Natural products have proven to be a productive source of lead structures for the development of new antimicrobial agents. Culture independent analyses of environmental samples suggest that traditional approaches used to identify microbial metabolites from laboratory grown microorganisms have likely missed the vast majority of bacterial natural products that exist in nature.[2,3] In most environments, microbes that have not yet been cultured are thought to outnumber their cultured counterparts by at least two to three orders of magnitude.[2–5] If the diversity of molecules discovered from cultured bacteria is any indication, as yet uncultured bacteria are likely to be a very rewarding source of previously unknown biologically active small molecules that could serve as novel anti-infective agents. New strategies using both culture-dependent and culture-independent methods are now being developed to access this untapped reservoir of chemical diversity. This review focuses primarily on recent culture-independent, or metagenomic, efforts to identify bioactive natural products and the biosynthetic gene clusters from which they are derived.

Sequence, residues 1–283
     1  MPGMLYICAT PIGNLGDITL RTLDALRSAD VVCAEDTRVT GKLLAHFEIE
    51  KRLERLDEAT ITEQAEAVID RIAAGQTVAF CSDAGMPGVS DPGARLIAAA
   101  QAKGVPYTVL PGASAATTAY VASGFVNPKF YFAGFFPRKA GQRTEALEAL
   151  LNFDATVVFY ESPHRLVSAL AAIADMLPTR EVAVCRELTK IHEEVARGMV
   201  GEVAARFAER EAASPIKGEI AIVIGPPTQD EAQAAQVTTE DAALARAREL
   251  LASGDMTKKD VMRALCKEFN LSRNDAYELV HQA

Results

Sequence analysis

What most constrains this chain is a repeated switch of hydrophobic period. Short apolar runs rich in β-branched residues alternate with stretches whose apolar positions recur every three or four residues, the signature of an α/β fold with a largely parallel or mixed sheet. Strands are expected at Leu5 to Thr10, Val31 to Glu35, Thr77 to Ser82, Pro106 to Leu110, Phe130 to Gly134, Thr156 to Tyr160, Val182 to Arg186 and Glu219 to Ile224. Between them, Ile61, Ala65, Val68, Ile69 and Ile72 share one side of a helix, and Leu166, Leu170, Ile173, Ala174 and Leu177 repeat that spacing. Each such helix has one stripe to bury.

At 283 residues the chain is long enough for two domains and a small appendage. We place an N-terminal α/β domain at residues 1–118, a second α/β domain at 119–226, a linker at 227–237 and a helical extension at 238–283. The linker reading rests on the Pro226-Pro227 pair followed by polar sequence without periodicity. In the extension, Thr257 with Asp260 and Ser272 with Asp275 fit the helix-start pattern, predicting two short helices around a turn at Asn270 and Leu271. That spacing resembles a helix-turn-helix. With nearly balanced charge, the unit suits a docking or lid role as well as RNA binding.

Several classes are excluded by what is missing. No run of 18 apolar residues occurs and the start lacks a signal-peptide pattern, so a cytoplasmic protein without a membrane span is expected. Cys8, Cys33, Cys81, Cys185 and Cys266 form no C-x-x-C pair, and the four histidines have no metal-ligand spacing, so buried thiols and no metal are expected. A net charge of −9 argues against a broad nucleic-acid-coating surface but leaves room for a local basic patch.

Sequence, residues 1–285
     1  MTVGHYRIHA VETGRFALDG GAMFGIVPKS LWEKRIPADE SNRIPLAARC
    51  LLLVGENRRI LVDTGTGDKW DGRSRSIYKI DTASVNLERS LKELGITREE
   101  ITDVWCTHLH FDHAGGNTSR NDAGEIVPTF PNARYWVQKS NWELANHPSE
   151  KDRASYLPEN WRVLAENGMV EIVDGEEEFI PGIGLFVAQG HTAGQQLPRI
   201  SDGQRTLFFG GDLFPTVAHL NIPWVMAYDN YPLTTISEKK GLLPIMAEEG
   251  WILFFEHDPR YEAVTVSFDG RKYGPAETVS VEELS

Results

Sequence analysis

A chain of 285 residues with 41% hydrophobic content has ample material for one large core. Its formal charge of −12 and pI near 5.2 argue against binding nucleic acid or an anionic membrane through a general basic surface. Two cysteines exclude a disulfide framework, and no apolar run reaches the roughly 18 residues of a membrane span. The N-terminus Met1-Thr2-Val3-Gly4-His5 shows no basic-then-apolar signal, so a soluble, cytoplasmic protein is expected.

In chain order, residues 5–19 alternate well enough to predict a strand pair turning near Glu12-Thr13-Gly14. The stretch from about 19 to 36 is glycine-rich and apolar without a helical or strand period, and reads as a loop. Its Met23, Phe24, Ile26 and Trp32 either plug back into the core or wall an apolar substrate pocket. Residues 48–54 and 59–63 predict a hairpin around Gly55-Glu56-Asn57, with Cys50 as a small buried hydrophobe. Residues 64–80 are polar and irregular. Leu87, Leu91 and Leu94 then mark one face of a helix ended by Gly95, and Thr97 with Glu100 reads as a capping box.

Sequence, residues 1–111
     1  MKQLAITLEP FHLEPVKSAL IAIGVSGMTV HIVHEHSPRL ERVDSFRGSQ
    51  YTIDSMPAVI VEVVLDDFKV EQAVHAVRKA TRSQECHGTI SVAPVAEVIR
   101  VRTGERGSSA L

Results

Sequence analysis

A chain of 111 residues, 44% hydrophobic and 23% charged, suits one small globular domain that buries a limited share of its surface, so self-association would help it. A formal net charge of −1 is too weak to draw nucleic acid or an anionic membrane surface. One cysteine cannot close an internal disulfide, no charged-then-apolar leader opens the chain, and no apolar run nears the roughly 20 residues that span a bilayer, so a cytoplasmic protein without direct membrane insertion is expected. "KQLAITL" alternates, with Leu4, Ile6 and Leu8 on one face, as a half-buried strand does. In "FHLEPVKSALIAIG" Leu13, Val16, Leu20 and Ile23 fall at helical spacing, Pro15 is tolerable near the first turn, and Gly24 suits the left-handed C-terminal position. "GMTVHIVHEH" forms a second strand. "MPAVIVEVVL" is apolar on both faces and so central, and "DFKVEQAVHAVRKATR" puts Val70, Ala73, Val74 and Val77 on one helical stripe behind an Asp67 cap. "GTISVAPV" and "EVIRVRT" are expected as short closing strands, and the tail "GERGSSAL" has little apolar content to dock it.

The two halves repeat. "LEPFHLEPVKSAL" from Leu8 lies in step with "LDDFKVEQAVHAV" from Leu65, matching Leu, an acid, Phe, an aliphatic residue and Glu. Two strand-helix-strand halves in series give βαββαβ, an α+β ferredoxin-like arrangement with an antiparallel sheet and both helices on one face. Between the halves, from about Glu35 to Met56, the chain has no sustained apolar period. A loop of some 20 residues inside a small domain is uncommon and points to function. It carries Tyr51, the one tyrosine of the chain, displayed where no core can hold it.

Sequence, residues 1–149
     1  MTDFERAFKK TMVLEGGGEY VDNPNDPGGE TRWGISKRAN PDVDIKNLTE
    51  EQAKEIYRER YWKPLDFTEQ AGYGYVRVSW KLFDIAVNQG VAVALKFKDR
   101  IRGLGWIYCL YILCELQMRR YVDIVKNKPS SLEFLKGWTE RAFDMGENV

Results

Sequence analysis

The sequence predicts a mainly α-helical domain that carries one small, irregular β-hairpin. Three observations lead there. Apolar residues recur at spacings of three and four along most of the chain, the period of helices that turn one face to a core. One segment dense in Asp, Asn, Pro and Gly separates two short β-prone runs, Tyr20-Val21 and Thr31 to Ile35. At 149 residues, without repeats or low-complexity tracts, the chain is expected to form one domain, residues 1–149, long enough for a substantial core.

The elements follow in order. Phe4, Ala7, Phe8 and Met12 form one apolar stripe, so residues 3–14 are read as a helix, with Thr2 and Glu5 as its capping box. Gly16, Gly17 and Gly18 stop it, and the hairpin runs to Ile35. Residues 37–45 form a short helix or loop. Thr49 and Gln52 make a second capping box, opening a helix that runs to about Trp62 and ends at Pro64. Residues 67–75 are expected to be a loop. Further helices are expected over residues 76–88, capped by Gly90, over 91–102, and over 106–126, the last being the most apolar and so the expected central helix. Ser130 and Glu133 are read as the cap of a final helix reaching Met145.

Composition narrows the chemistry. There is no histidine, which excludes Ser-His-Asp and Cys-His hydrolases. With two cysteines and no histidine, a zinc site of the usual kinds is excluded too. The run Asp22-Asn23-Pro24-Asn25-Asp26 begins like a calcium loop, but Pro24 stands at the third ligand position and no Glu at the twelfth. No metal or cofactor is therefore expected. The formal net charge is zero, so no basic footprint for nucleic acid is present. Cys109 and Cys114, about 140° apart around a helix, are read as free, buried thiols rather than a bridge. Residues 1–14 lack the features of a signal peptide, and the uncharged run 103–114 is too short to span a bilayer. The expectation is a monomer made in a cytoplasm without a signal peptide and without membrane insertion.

The foundation of all metagenomic approaches is the isolation and subsequent examination of DNA extracted directly from naturally occurring microbial populations (environmental DNA, eDNA), which avoids the difficulties associated with culturing environmental microbes (Figure 1). Metagenomics is particularly appealing to natural product researchers because the genetic information needed to encode for the production of bacterial secondary metabolites is typically clustered on bacterial chromosomes. It is therefore possible to envision capturing complete small molecule biosynthetic gene clusters on individual or, at most, a small number of overlapping eDNA clones. Both expression-dependent (functional) and expression-independent (homology) screening strategies have been used to identify eDNA clones that produce bioactive small molecules. In functional metagenomic studies, eDNA libraries are examined in simple high throughput assays designed to identify clones that have phenotypes traditionally associated with the production of small molecules, while in homology-based studies, libraries are probed to identify clones that contain conserved sequences traditionally associated with secondary metabolite biosynthesis. Hits identified in these initial high throughput assays are subsequently examined for the ability to confer the production of small molecules to model cultured heterologous hosts.